Posts Tagged: districts
Voters in their booths casting ballots in a Los Angeles election. (Photo: Joseph Sohm, via Shutterstock)
One constant in California elections is change. In the past 20 years, we’ve seen changes to when the primary is held, then changed back, then back again. We’ve seen an open primary, then another version of the open primary. We shook up the Legislature with term limits, then imposed different term limits. We have moved increasingly to vote by mail, shifting the timeline of our elections.
A California school bus powered by propane. (Photo: SchoolBusFleet.com)
In the last decade, numerous California school districts have adopted propane-based school buses in an attempt to eliminate costs and toxic emissions. Since 2013, the Elk Grove Unified School District near Sacramento has added 16 propane buses to its fleet and expects up to 12 more in the next month.
A vintage blackboard in a charter school. (Photo: Greg and Jan Ritchie, via Shutterstock)
California’s charter schools could face tighter restrictions if a pair of bills making their way through the Legislature is approved. One would give school districts the right to deny charter schools if they believe they would negatively impact neighborhood schools’ finances, academics or facilities. The other would prohibit school districts from approving a charter school outside their boundaries.
Gov. Gavin Newsom addresses a January ADEM gathering in San Francisco. (Photo: California Democratic Party, via Bay City Beacon)
Few Californians are familiar with the state Democratic Party’s Assembly District Election Meetings, known as ADEMs. Even fewer – under 40,000 – vote in them. But as Democrats in 2019 wield nearly absolute power in state policy, the ADEMs – grassroots, internal elections held every two years designed to connect party insiders with the base – are gaining attention as a battleground between the party’s progressive and moderate blocs.
A view of the House of Representatives, with members and their visiting families. (Photo: Mark Reinstein)
A number of California’s Republican-held House seats face fierce challenges from Democrats, and the tally of votes in these tight races may not be completed for days, even weeks, following the election. That’s the message in Capitol Weekly’s survey of more than 20,000 mail-in voters across California who cast their ballots prior to election day.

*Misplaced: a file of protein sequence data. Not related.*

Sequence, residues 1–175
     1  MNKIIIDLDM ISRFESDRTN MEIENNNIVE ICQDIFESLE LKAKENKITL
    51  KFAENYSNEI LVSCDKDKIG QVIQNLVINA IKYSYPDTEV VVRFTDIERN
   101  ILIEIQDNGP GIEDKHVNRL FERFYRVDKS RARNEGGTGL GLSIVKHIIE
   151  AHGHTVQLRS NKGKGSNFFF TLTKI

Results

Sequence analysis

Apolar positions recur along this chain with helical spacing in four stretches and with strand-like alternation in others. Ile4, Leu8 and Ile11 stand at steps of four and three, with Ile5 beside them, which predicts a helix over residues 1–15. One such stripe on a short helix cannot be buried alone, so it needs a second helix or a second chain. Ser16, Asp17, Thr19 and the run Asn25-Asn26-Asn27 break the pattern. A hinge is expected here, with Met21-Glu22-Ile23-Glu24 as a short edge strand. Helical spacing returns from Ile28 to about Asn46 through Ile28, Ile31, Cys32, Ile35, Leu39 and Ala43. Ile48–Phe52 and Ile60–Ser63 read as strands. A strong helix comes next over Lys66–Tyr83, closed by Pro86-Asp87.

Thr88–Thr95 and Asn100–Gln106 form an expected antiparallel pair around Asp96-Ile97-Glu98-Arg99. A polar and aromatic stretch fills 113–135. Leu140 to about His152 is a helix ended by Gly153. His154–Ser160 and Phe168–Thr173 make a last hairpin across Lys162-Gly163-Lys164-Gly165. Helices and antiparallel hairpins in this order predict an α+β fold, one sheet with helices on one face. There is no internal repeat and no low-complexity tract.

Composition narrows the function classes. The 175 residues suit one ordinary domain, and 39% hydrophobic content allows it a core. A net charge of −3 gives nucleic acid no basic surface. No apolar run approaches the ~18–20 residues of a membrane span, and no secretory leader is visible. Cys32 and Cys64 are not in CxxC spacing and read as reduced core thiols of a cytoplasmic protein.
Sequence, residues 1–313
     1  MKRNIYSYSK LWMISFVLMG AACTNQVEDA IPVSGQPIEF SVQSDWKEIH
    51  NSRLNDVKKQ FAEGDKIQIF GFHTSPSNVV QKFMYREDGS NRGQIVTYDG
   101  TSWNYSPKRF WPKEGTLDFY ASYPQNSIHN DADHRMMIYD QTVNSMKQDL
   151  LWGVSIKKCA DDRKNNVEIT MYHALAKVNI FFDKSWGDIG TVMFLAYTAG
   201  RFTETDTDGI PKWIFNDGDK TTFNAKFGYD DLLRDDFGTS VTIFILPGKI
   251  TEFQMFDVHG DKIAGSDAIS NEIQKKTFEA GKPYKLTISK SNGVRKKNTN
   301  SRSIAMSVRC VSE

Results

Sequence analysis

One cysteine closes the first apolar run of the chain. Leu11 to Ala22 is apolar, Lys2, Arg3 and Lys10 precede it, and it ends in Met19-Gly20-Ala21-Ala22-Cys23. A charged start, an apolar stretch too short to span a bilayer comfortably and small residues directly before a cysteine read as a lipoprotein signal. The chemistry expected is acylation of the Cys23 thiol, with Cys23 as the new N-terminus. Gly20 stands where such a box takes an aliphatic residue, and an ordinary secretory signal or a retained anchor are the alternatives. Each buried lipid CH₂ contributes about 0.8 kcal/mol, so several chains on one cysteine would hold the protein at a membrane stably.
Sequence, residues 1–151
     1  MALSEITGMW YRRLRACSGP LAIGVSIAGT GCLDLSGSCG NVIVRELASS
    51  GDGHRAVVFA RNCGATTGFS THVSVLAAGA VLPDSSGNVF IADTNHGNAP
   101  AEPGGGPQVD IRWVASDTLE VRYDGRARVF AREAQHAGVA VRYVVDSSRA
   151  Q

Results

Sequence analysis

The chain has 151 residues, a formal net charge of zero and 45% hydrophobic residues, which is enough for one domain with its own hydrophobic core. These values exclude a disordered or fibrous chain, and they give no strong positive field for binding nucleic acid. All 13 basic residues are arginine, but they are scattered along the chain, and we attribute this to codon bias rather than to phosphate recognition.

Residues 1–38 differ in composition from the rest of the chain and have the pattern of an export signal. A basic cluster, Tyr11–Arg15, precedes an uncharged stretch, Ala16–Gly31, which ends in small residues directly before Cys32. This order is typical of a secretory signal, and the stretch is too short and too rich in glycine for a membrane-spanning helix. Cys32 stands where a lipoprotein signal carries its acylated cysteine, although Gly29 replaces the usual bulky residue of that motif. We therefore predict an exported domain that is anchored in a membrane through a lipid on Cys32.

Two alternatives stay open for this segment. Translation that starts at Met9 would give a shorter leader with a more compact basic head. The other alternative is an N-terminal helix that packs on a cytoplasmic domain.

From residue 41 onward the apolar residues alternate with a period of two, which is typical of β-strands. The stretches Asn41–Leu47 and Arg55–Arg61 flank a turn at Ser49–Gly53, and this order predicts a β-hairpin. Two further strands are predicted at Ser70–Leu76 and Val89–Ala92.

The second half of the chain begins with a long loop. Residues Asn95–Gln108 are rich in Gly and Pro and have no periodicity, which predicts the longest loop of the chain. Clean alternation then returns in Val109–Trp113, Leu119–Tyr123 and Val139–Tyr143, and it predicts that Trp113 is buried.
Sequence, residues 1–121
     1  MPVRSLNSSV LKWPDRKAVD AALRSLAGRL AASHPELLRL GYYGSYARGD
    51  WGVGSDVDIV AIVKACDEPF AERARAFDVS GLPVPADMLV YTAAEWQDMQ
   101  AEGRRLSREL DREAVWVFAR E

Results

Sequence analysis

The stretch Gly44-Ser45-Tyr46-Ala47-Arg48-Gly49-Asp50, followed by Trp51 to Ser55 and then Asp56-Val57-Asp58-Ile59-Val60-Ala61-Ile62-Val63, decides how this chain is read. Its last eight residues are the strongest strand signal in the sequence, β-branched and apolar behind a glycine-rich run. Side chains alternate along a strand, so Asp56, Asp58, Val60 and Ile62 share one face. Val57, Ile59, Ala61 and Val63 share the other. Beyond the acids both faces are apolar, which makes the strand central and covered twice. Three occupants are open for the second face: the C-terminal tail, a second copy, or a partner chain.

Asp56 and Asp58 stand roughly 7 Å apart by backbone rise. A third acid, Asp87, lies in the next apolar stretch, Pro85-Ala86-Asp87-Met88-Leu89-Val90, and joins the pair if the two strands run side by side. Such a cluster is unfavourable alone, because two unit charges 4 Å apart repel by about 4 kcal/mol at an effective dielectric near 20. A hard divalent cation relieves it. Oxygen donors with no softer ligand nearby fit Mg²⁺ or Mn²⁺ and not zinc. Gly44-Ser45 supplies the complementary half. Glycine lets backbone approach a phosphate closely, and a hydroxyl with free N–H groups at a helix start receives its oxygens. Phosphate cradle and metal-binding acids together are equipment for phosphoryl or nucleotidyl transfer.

Students at Alliance Susan & Eric Smidt Technology High School, Los Angeles. (School photo)
OPINION: College application season is upon us. This fall, I will begin my senior year of high school at Alliance Susan & Eric Smidt Technology High School and submit my application to my first-choice school, the California Institute of Technology, to study engineering. I’m excited to make my college dreams come true, after four years of hard work.
A political rally in southern California during the 2016 election cycle. (Photo: Joseph Sohm)
With the close of the 2018 primary election cycle, we get another chance to see how campaigns have evolved under California’s top-two open primary system. The most noteworthy change appears to be the manner by which campaigns are extending their reach across the partisan aisle. But they are not doing it in the way that the authors of the Top Two Candidates Open Primary Act, which took effect in 2011, intended.
Attendees at a 2016 political rally in Santa Monica. (Photo: Joseph Sohm)
The 2018 primary election is right around the corner. And with stories of higher turnout and a Democratic wave in states like Virginia and Alabama, many political consultants and observers are expecting to see some higher turnout in California this June, with a potentially strong Democratic and Latino surge.
Republicans gather at a 2016 rally in Costa Mesa for GOP presidential contender Donald Trump. (Photo: Mike Ledray, via Shutterstock)
Encouraged by their Nov. 7 election victories in other states, Democrats now have even higher hopes of flipping the House in 2018, and a big factor governing whether they will succeed rests on outcomes in eight Republican-held California districts. The eight incumbent Republicans in Southern California and the Central Valley that Democrats hope to defeat a year from now make up one-third of the 24 seats needed to give Democrats control of the House.
General population prisoners at San Quentin march in a line. (Photo: Eric Risberg/Associated Press)>
Much of redistricting law is arcane and technical. But often what seems like a little detail can become a significant factor in how the lines will be drawn. Take, for example, prisoners. The U.S. Census counts prisoners just like any other part of the overall population. The Census captures people at their “usual residence,” meaning the place where they live and sleep most days.